REVIEW: Ambulance Girl by Jane Stern
Five years ago Jane Stern was a walking encyclopedia of panic attacks, depression, and hypochondria. Her marriage of more than thirty years was suffering, and she was virtually immobilized by fear and anxiety. As the daughter of parents who both died before she was thirty, Stern was terrified of illness and death, and despite the fact that her acclaimed career as a food and travel writer required her to spend a great deal of time on airplanes, she suffered from a persistent fear of flying and severe claustrophobia. But a strange thing happened one day on a plane that was grounded at the Minneapolis airport for six horrible, foodless, airless hours. A young man on a trip with his classmates suddenly became dizzy and pale because he hadn’t eaten in many hours, and there was no food left on the plane. Without thinking about it, Jane gave him the candy bar that she had in her purse. A short time later the color had returned to his cheeks, the boy was laughing again with his friends, and Jane realized that this one small act of kindness—helping another person who was suffering—had provided her with comfort and a sense of well-being.
It was shortly thereafter that this fifty-two-year-old writer decided to become an emergency medical technician, eventually coming to be known as Ambulance Girl. Stern tells her story with great humor and poignancy, creating a wonderful portrait of a middle-aged, Woody Allen–ish woman who was “deeply and neurotically terrified of sick and dead people,” but who went out into the world to save other people’s lives as a way of saving her own. Her story begins with the boot camp of EMT training: 140 hours at the hands of a dour ex-marine who took delight in presenting a veritable parade of amputations, hideous deformities, and gross disasters. Jane—overweight and badly out of shape—had to surmount physical challenges like carrying a 250-pound man seated in a chair down a dark flight of stairs. After class she did rounds in the emergency room of a local hospital, where she attended to a schizophrenic kickboxer who had tried to kill his mother that morning and a stockbroker who was taken off the commuter train to Manhattan with delirium tremens so bad it killed him.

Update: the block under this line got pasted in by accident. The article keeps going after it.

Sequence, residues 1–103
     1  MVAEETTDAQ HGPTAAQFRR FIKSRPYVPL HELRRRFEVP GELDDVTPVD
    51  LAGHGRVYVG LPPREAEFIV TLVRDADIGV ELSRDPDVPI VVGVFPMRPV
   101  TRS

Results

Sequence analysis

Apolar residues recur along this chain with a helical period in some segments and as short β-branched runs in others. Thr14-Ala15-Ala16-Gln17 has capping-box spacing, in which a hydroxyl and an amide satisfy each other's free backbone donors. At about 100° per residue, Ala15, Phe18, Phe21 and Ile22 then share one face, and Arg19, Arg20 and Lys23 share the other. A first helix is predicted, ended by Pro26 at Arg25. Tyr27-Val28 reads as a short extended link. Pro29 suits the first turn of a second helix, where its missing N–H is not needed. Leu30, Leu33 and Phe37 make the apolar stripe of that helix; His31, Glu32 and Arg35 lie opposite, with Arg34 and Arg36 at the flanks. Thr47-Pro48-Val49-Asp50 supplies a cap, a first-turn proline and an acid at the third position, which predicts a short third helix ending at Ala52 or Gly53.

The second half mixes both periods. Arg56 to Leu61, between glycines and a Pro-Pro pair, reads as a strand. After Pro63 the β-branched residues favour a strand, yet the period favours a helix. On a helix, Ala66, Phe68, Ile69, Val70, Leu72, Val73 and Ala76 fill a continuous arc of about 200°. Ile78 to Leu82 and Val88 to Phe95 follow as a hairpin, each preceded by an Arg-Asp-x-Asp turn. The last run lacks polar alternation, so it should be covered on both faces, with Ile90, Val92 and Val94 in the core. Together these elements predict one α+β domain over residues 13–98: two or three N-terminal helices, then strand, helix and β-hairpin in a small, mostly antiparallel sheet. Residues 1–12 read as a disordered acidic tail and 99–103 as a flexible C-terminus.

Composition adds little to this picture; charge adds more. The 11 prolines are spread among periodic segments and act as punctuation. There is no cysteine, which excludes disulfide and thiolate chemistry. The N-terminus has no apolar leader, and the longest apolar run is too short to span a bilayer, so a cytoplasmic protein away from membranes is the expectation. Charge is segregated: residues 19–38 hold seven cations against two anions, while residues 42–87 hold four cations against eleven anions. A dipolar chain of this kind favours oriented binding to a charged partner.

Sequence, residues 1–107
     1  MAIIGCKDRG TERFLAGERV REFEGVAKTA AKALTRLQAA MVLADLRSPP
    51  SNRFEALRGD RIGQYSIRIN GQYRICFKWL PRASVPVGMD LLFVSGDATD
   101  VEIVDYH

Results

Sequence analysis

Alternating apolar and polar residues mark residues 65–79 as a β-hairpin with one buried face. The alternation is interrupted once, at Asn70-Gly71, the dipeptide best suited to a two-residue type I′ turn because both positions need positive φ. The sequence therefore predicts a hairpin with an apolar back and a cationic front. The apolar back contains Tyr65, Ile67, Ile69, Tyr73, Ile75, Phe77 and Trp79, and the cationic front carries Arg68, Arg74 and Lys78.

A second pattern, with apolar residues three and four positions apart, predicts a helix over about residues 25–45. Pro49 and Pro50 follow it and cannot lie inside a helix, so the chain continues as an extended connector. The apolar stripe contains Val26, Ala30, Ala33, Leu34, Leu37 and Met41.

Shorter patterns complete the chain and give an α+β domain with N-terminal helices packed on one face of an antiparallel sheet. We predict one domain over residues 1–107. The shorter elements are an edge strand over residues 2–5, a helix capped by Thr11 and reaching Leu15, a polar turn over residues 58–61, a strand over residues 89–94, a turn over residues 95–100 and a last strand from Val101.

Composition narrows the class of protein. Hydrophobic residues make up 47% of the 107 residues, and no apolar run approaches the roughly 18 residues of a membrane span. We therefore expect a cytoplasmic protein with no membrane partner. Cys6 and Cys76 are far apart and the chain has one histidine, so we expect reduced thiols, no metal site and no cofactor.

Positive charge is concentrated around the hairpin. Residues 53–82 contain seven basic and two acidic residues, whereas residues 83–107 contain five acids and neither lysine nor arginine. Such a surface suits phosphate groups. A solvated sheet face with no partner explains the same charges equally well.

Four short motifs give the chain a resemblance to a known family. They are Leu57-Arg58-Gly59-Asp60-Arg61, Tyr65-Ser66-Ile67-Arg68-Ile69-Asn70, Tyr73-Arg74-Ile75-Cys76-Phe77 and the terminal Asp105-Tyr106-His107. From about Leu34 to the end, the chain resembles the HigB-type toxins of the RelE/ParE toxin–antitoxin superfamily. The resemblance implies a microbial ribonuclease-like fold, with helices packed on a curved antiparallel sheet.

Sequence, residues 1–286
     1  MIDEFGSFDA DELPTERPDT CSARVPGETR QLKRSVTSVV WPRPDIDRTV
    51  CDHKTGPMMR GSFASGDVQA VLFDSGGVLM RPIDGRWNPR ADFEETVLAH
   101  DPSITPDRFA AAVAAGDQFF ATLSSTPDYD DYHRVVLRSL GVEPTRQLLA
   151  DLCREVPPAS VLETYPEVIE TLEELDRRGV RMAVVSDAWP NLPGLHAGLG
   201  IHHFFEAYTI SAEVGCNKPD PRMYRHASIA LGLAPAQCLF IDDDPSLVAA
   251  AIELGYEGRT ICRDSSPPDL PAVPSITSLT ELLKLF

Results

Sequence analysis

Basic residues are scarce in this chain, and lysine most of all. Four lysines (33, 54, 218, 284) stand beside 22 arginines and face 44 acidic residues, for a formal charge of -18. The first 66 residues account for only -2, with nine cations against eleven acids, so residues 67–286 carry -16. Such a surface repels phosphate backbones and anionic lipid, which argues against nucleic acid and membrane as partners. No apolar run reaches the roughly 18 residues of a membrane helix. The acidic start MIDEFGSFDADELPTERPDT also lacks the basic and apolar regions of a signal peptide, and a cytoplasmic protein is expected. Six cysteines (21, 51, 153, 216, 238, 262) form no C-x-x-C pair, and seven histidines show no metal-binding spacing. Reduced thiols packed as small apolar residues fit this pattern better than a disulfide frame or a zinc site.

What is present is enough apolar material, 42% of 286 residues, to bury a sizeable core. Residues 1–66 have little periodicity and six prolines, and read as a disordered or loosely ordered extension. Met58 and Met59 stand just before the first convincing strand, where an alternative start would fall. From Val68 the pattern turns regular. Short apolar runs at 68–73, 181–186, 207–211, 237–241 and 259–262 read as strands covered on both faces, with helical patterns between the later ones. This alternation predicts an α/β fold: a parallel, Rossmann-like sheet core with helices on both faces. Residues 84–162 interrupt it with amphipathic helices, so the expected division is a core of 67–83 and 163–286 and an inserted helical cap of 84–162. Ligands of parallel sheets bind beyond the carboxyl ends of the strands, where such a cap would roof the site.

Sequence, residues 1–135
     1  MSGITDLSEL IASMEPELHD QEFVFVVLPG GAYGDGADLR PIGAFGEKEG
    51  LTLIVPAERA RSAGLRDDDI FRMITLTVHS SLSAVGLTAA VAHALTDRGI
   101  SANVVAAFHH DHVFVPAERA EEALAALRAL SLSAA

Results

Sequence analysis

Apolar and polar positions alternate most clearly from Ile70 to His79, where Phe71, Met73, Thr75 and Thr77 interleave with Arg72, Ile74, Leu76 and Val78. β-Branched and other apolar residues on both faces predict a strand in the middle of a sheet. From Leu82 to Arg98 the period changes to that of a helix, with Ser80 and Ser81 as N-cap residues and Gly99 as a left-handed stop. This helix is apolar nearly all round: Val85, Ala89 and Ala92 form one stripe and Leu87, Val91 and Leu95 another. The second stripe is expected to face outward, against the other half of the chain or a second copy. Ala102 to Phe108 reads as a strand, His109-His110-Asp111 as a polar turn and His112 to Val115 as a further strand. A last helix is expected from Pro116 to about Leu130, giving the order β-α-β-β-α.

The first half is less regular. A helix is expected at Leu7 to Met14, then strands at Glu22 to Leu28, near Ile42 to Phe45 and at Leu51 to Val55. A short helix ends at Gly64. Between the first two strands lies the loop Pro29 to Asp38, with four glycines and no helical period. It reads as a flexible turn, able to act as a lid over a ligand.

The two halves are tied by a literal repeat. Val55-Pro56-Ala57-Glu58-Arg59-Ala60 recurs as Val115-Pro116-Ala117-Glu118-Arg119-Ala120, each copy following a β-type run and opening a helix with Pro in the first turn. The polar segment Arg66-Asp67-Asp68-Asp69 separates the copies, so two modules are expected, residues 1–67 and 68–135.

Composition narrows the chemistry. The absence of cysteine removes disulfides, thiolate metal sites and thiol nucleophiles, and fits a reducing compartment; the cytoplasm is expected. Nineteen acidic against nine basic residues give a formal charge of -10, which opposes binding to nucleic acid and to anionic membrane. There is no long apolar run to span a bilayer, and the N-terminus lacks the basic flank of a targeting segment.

Each call Stern describes is a vignette of human nature, often with a life in the balance. From an AIDS hospice to town drunks, yuppie wife beaters to psychopaths, Jane comes to see the true nature and underlying mysteries of a town she had called home for twenty years. Throughout the book we follow her as she gets her sea legs and finally bonds with the burly, handsome firefighters who become her colleagues. At the end, she is named the first woman officer of the department—a triumph we joyously share with her.
Ambulance Girl is an inspiring story by a woman who found, somewhat late in life, that “in helping others I learned to help myself.” It is a book to be treasured and shared.
After reading “A Thousand Naked Strangers,” Amazon kept suggesting this book to me. But I just read about someone becoming an EMT, I thought. Then I read the blurb and saw that this book has a middle aged woman with serious phobias about sick people and small spaces deciding to pursue the profession. As I’m creeping up on middle age myself, I decided to see how she did.
At her therapist’s suggestion, Jane Stern thinks back to a moment when she wasn’t hyperventilating during a recent trip. She realizes it’s when she was helping someone else overcome his fear and that brings to mind the sign she’s seen at her local fire station asking for volunteers to train as EMTs – Emergency Medical Technicians. Overcoming her reservations she tours the station and climbs in the back of an ambulance then signs up for classes.
But it’s not just her phobias – or the thought of being vomited on – that concern everyone. She’s also in her 50s, out of shape and overweight. Who is she kidding? Most of her other classmates are young, strapping men yet she keeps at it and is one of the ones who pass – the pass rate is 50% – the national exam and practical exam. Armed with her police radio, beeper and emergency kit, she starts her volunteer career as an EMT in rural Connecticut.
Yeah, there’s blood, vomit, dead people and images to rival the ghastly photos they’d been ghoulishly bombarded with in class but Stern takes pride in helping those in need and in how she overcomes everything that should have kept her down. Plus she loves the camaraderie of the fire station and the highs of their post response trips to Dunkin’ Donuts to refuel. She even signs up to learn how to drive a fire engine.
Does she still have her phobias and does this all take a toll on her marriage? Yes. But reading about her trying and doing something that she – much less almost everyone else – had doubts of succeeding at gives me a mental boost to think “maybe one day I’ll ….”. B